Further reading

Board of Appeal finds ViCo is now equivalent to in-person proceedings, and that G 1/21 "gold-standard" no longer applies (T 1158/20) Board of Appeal finds ViCo is now equivalent to in-person proceedings, and that G 1/21 "gold-standard" no longer applies (T 1158/20) Reviewed by Rose Hughes on Monday, March 06, 2023 Rating: 5


  1. While we may all agree that the technical conditions for ViCos have somewhat improved during the last years, the Board seems not to acknowledge the whole bunch of "non-technical" issues related with ViCos, e.g. loss of body language, not being able to concentrate on a larger number of different tiles on a screen, overall concentration issues in staring at a screen for hours, nevertheless the risk of technical issues possibly leading to disadvantages for parties, etc...

    Of course a Board will not really suffer from these issues, as they do not have any economic interest in the outcome of the proceedings. Coming to a decision is without any doubt easily possible in a ViCo.

    However, a party fighting for (or against) a patent has to have the right to be represented in oral proceedings as best as possible and the "gold standard" for this was, is and will remain in person hearings.

    Therefore, especially in opposition proceedings, ViCos should only be conducted, if all parties agree. In my view it can not be part of the discretion of the Board to decide about the format of the hearing, as frankly said, they have no clue, how people feel "on the other side of the table (screen)" ...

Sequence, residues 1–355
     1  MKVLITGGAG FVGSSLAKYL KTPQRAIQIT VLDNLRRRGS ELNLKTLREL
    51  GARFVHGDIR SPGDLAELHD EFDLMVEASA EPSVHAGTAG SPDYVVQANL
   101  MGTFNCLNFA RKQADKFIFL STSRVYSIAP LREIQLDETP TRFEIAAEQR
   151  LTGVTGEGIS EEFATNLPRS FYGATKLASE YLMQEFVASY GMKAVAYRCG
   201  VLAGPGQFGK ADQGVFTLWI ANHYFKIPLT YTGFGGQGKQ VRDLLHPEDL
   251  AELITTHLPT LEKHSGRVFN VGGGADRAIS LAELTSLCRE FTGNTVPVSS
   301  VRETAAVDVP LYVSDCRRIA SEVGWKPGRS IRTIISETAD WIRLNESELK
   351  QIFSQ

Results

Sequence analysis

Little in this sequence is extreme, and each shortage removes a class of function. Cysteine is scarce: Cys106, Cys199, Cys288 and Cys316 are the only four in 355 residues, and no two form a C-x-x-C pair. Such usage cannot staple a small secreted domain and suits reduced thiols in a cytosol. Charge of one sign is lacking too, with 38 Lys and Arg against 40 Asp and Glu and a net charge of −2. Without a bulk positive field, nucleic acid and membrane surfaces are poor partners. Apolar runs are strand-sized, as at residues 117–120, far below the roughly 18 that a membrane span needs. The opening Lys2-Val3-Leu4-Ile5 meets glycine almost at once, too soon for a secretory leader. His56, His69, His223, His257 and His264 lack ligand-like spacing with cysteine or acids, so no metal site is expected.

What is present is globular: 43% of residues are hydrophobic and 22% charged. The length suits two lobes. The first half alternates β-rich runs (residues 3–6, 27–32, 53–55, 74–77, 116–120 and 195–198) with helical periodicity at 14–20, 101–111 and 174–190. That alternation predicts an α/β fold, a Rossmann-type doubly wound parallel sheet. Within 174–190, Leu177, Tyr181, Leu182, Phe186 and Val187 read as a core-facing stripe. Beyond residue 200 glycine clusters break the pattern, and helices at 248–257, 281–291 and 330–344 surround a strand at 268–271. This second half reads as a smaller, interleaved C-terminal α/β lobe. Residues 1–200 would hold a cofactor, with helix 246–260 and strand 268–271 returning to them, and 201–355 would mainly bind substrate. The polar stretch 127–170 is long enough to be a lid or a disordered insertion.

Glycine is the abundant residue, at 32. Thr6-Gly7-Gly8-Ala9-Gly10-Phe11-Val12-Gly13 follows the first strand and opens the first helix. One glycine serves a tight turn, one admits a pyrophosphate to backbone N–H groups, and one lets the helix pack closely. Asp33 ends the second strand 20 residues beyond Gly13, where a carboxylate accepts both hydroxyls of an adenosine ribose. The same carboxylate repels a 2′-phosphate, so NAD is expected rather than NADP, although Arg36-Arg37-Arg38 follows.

2. I fear that discussion of this decision is going to turn into another fight between factions with differing views on the acceptability of ViCo.

    However, regardless of one's stance on ViCo, there is a bigger issue at stake here. What is at stake is none other than the Rule of Law at the EPO.

    It is established in the Case Law and practice of the Boards that a referral to the EBA *must* be made in cases where the Board considers it necessary to deviate from an earlier decision of the Enlarged Board of Appeal. And yet, in this case, the Board at hand has taken it upon itself merely to declare that the reasoning in G 1/21 no longer applies, so that no further referral is necessary.

    To be perfectly frank: this is an outrage, regardless of one's views on the use of ViCo. And, what's worse, there seems to be no recourse for users of the system against Boards going rogue like this, except in the very limited circumstances foreseen in the Petition procedure.

    1. I can only agree that the grounds for Petitions for Review are too limited.

      In this regard, relevant provisions of the RPBA are Articles 21 and 23.

      RPBA Article 21
      Deviation from an earlier decision or opinion of the Enlarged Board of Appeal
      Should a Board consider it necessary to deviate from an interpretation or explanation of the Convention contained in an earlier decision or opinion of the Enlarged Board of Appeal according to Article 112, paragraph 1, EPC, the question shall be referred to the Enlarged Board of Appeal.

      RPBA Article 23
      Binding nature of the Rules of Procedure
      These Rules of Procedure shall be binding upon the Boards of Appeal, provided that they do not lead to a situation which would be incompatible with the spirit and purpose of the Convention.